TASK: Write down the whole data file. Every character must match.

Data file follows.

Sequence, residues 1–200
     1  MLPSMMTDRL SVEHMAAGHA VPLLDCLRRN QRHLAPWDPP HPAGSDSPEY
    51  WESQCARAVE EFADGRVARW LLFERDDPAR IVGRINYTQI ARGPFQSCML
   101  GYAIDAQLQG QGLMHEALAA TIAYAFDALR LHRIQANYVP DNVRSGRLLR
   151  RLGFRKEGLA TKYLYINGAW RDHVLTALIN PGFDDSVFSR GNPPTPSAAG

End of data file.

Sequence, residues 1–200
     1  MLPSMMTDRL SVEHMAAGHA VPLLDCLRRN QRHLAPWDPP HPAGSDSPEY
    51  WESQCARAVE EFADGRVARW LLFERDDPAR IVGRINYTQI ARGPFQSCML
   101  GYAIDAQLQG QGLMHEALAA TIAYAFDALR LHRIQANYVP DNVRSGRLLR
   151  RLGFRKEGLA TKYLYINGAW RDHVLTALIN PGFDDSVFSR GNPPTPSAAG